Sweden suspects ‘foreign actors’ behind riots over Quran burning


A total of 26 police officers and 14 others were wounded in the riots and 20 vehicles destroyed or damaged.

Sweden suspects foreign countries had a hand in inciting violent riots in several cities recently when crowds threw rocks and burned cars after a far-right Islamophobe announced plans to hold an anti-Muslim rally.

Rasmus Paludan, leader of the Danish far-right Stram Kurs (Hard Line) party, has burned copies of the Quran at events in Denmark where he also bashes Islam, and news spread he wanted to do the same in Sweden, sparking anger.

Paludan, who holds both Danish and Swedish nationality, “seems for some reason to hate Sweden and try to harm Sweden. I do not understand why”, said the country’s Justice Minister Morgan Johansson.

In an interview with Swedish newspaper Aftonbladet published on Wednesday, Johansson referred to online claims that surfaced earlier this year about Swedish social service agencies allegedly kidnapping Muslim children.

The foreign ministry posted a Twitter thread in February devoted to what it termed “a disinformation campaign”.

‘Middle East actors’

A Swedish agency established to counter misinformation said the kidnapping allegations could be traced to an Arabic-language site whose creator expressed support for the armed group ISIL (ISIS).

“We see how the image of Sweden is set by some of these actors in the Middle East,” Aftonbladet quoted Johansson as saying. “It is also addressed by a couple of governments in Iraq and in Iran.”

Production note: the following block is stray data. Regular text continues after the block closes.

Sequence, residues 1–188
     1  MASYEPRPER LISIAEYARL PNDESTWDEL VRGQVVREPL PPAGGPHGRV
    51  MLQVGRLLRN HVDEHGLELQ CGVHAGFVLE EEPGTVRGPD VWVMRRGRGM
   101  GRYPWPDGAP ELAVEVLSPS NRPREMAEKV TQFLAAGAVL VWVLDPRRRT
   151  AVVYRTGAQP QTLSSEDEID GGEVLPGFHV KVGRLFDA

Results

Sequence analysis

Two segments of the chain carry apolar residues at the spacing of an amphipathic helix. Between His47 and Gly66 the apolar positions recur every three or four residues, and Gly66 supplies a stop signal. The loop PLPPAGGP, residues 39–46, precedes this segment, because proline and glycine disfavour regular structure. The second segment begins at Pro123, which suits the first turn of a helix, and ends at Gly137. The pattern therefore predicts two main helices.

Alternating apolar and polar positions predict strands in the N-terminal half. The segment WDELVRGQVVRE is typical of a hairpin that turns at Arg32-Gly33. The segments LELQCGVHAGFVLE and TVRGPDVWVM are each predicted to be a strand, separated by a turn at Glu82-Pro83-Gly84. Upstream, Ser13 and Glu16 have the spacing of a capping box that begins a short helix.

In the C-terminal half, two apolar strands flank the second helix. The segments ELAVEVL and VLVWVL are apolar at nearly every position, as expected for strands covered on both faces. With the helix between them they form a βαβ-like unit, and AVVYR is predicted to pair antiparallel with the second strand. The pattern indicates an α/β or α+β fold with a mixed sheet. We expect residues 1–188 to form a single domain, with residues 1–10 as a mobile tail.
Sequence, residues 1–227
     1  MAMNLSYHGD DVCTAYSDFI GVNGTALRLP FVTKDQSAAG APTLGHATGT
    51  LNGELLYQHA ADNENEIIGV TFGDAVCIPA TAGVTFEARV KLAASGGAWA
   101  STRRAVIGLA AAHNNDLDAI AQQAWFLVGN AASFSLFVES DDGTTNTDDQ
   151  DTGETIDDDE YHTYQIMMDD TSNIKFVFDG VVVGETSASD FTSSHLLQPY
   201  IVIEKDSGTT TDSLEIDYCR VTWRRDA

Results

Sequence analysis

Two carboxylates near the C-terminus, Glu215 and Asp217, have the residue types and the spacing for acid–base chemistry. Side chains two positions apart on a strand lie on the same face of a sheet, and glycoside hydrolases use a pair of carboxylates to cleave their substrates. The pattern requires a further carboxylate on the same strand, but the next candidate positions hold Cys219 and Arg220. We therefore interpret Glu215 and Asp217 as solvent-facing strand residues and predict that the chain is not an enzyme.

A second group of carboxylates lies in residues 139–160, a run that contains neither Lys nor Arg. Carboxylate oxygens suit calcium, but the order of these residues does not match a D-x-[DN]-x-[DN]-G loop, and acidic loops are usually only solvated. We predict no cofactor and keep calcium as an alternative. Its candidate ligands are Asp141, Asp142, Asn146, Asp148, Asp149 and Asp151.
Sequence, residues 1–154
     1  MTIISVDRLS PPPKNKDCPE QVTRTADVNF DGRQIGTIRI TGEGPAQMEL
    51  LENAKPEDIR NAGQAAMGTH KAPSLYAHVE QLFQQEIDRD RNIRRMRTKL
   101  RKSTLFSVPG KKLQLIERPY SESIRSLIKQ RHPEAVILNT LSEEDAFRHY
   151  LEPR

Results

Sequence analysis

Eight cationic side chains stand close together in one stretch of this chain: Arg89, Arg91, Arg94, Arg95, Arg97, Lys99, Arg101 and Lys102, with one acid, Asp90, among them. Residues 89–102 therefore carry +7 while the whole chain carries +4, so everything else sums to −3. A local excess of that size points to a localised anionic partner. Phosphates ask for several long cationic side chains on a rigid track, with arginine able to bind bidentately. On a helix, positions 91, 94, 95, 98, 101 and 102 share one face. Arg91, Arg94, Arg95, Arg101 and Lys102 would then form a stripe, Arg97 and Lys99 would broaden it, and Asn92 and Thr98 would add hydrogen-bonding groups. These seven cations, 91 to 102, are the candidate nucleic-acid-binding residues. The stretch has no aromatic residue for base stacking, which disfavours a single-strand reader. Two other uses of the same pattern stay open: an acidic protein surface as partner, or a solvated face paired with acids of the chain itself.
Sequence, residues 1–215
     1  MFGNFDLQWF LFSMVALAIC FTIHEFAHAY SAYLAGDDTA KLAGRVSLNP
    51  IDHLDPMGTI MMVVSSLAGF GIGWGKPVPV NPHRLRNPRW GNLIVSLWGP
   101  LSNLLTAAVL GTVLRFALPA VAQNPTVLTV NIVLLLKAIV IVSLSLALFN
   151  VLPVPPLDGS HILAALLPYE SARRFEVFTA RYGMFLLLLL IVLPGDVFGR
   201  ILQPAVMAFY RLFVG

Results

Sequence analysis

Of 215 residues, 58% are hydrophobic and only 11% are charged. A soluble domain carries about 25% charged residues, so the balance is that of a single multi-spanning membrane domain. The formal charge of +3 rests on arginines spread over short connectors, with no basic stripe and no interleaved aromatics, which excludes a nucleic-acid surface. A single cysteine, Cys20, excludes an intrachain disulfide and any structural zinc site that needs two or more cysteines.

After word of Paludan’s planned stunt reached Iran and the United Arab Emirates, the governments in Tehran and Dubai summoned Swedish diplomats to protest.

A total of 26 police officers and 14 other individuals were wounded in the riots, and 20 police vehicles destroyed or damaged, officials said. Many people were arrested.

The latest violence broke out Sunday night in Malmo, Sweden’s third-largest city, as an angry crowd of mainly young people set fire to tyres, debris and garbage bins in a neighbourhood known for high crime.

Two cars are burning in a parking lot during rioting in Norrkoping, Sweden
Cars burn in a parking lot during rioting in Norrkoping on Sunday[Stefan Jerrevang/AFP]

Unrest and violent clashes were reported in several other Swedish cities. Three people were hurt in Norrkoping on Sunday as they were hit by ricochets when police fired warning shots.

Prime Minister Magdalena Andersson visited Norrkoping and Linkoping, another city that saw rioting, on Wednesday.

Protests against plans by Stram Kurs to burn the Quran have turned violent in Sweden before. In 2020, protesters set cars on fire and stores were damaged in clashes in Malmo.

That same year, Paludan was jailed in Denmark for a month for a string of offences, including racism.



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